Zig Ziglar

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Zig Ziglar
Zig Ziglar at Get Motivated Seminar, Cow Palace 2009-3-24 3.JPG
Ziglar in March 2009
Born(1926-11-06)November 6, 1926
Coffee County, Alabama, US
DiedNovember 28, 2012(2012-11-28) (aged 86)
Plano, Texas, US
Cause of deathPneumonia
Resting placeMcKinney, Texas
Other namesZiglar
Alma materUniversity of South Carolina
OccupationSalesman, motivational speaker, author
Political partyRepublican
Spouse(s)Jean Ziglar (married 1946–2012, his death)
ChildrenSuzan Ziglar Witmeyer (died 1995)

Tom Ziglar
Cindy Ziglar Oates
Julie Ziglar Norman

Seven grandchildren

Hilary Hinton "Zig" Ziglar (November 6, 1926 – November 28, 2012) was an American author, salesman, and motivational speaker.

Biography[edit]

Early life and education[edit]

"Zig" Ziglar was born in Coffee County in southeastern Alabama, to John Silas Ziglar and Lila Wescott Ziglar.[1] He was the tenth of 12 children.[2]

In 1931, when Ziglar was five years old, his father took a management position at a Mississippi farm, and his family moved to Yazoo City, Mississippi, where he spent most of his early childhood. The next year, his father died of a stroke, and his younger sister died two days later.

Between 1943 and 1945, he participated in the Navy V-12 Navy College Training Program at the University of South Carolina in Columbia, South Carolina.[3]

Career[edit]

With Richard "Dick" Gardner and Hal Krause, Ziglar was a charter member in the establishment of American Salesmasters in 1963. The company's objective was to raise the image of salespeople in America by providing seminars. They began with cities across the Midwest (Memphis, Atlanta, Kansas City, St. Louis, Chicago, Denver, etc), featuring speakers like Ziglar, Norman Vincent Peale, Ken McFarland, Cavett Robert, Bill Gove, Maxwell Maltz, Red Motley and many more. They booked an auditorium, put together a slate of speakers and contacted local businesses to sell tickets. Audiences included insurance agents, car salesmen, financial advisors, entrepreneurs, small business owners and curiosity seekers.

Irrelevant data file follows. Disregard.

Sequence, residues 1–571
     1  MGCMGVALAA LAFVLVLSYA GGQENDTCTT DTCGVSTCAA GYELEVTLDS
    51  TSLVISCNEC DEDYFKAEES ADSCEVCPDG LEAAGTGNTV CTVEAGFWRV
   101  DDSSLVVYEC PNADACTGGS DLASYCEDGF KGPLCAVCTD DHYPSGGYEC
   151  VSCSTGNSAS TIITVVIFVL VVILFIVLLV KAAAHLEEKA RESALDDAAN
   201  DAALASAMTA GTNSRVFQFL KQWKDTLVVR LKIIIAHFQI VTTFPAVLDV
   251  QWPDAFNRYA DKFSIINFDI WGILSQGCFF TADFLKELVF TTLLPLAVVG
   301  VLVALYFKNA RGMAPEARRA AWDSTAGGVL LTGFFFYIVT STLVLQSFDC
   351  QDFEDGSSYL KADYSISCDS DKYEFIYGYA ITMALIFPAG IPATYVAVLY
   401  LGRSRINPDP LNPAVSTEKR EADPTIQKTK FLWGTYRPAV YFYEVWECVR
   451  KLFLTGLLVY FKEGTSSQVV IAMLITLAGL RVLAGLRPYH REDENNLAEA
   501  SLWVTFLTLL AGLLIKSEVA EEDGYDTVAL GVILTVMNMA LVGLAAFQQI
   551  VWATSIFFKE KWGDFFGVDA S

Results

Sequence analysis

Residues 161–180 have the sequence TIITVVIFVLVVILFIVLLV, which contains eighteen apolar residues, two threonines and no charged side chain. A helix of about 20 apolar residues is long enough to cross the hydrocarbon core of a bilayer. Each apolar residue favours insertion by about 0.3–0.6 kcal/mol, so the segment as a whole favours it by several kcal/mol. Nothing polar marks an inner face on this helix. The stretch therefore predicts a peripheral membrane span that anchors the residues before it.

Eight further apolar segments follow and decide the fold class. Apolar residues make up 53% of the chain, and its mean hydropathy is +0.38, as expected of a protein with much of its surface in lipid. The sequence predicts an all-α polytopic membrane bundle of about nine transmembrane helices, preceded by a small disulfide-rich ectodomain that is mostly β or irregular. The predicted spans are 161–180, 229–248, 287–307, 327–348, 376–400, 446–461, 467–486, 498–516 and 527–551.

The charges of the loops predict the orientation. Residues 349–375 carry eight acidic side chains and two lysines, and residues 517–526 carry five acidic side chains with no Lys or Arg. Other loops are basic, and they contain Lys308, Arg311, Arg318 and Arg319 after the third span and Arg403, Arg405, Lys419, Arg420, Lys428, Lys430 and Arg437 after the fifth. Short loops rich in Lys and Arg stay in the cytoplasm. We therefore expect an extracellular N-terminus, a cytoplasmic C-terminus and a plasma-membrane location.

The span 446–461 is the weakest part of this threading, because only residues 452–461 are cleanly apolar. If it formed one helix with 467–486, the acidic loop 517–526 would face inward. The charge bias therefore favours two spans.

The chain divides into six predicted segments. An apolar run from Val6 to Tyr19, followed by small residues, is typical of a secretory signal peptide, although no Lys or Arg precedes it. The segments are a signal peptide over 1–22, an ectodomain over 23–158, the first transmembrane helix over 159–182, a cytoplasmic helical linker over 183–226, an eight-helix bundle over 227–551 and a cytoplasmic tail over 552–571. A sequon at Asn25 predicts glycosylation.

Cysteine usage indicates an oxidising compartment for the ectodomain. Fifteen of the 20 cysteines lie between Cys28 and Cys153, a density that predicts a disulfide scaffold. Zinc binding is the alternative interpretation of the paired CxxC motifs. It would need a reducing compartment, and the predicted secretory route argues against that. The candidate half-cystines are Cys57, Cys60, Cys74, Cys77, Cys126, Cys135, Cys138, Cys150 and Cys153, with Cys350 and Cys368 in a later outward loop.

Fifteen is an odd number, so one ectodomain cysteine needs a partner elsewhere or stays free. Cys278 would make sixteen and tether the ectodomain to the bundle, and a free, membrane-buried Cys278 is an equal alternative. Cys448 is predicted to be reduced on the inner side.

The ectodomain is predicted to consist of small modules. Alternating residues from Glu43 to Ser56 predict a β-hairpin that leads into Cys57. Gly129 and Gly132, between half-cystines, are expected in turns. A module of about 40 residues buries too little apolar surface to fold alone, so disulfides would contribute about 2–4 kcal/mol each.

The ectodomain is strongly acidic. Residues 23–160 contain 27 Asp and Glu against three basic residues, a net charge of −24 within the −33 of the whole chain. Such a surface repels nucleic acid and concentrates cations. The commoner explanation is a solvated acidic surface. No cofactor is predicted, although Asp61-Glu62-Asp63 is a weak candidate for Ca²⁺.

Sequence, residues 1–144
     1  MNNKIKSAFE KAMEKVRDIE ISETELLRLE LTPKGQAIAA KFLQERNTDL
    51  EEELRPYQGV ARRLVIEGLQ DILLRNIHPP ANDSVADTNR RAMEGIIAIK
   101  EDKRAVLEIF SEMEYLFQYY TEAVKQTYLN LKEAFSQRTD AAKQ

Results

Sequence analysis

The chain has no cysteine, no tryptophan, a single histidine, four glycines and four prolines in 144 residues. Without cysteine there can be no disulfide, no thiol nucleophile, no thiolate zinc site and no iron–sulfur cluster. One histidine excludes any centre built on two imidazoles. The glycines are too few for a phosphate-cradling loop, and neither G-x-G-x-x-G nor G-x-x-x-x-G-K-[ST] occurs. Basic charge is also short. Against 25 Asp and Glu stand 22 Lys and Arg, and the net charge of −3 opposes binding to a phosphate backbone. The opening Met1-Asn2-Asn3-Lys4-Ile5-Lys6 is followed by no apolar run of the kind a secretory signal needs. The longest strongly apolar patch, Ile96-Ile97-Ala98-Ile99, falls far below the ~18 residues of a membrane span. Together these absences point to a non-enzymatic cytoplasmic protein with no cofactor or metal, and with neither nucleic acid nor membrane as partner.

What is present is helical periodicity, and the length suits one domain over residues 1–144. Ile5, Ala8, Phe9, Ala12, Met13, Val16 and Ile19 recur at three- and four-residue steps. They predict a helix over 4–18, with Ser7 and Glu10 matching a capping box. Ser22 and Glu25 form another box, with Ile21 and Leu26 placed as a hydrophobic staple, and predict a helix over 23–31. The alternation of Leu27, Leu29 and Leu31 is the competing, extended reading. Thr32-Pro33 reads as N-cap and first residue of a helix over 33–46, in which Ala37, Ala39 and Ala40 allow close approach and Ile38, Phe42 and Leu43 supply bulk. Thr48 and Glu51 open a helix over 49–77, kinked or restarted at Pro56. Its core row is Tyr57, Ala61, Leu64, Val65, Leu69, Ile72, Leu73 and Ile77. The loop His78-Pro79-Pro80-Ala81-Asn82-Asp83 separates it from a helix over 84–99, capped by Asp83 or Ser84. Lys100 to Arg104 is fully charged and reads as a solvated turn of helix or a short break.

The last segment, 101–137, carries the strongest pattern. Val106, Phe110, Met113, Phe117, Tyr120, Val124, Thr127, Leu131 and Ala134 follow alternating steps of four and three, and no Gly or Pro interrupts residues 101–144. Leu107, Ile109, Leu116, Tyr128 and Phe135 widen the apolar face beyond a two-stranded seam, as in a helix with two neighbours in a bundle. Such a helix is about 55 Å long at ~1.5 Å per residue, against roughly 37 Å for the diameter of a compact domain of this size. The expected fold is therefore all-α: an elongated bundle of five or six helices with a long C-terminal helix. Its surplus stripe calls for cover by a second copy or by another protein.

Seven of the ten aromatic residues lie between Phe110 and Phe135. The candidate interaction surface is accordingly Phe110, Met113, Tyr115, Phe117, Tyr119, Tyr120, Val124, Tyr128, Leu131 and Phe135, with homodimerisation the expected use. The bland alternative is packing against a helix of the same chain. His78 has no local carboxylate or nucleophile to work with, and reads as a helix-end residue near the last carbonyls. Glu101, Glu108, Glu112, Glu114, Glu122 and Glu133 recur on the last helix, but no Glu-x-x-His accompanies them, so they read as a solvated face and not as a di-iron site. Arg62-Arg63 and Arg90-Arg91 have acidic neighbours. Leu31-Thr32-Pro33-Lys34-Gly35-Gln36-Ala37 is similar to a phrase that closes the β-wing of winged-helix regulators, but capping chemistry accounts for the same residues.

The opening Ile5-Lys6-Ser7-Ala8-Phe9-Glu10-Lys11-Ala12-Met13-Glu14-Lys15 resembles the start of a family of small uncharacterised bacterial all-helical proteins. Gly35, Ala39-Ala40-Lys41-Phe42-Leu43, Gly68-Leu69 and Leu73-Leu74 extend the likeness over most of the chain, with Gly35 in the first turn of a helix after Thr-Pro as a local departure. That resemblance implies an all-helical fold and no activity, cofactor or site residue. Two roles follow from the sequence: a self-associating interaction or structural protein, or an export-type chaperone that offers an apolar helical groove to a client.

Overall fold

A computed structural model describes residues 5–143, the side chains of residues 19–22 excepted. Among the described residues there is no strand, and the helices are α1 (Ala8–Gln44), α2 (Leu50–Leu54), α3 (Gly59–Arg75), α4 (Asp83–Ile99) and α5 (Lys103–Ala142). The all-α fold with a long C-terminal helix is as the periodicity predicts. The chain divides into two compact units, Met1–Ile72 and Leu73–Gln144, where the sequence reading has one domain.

Ziglar went on to speak extensively for audiences of the National Association of Sales Education (NASE), founded by Dick Gardner in 1965, and also became a major sales trainer for Mary Kay Cosmetics. In 1968, he became a vice president and training director for the Automotive Performance company and moved to Dallas, Texas. The company went bankrupt two years later.[4] Subsequently, Ziglar spoke extensively at seminars for Peter Lowe, of Get Motivated, and eventually signed an exclusive agreement to support Peter Lowe events.[citation needed]

In addition to speaking, Ziglar wrote over 30 books. His first book, See You At The Top, was rejected 39 times before it was published in 1975. It is still in print today.[5]

In 2007, a fall down a flight of stairs left him with short-term memory problems. Nonetheless, Ziglar continued taking part in motivational seminars until he retired in 2010.[4]

Personal life[edit]

Ziglar met his wife, Jean, in 1944, in Jackson, Mississippi. He was 17 and she was 16; they married in late 1946.[6] They had four children: Suzan, Tom, Cindy, and Julie.